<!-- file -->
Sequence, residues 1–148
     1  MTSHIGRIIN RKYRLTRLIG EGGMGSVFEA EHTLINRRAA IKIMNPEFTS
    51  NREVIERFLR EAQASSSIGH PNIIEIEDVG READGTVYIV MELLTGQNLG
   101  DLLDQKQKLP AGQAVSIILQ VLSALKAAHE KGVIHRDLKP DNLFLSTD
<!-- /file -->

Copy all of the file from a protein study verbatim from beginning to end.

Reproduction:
Sequence, residues 1–148
     1  MTSHIGRIIN RKYRLTRLIG EGGMGSVFEA EHTLINRRAA IKIMNPEFTS
    51  NREVIERFLR EAQASSSIGH PNIIEIEDVG READGTVYIV MELLTGQNLG
   101  DLLDQKQKLP AGQAVSIILQ VLSALKAAHE KGVIHRDLKP DNLFLSTD